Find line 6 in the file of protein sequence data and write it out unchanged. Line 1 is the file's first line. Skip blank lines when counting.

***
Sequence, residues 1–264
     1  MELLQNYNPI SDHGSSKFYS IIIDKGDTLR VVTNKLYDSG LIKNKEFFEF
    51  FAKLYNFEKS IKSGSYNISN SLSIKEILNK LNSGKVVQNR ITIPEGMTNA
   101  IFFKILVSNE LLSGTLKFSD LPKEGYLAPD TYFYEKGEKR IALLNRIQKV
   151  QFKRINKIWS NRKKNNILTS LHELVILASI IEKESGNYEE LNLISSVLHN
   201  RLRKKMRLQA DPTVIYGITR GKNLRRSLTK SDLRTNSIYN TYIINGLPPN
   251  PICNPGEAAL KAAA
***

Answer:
   201  RLRKKMRLQA DPTVIYGITR GKNLRRSLTK SDLRTNSIYN TYIINGLPPN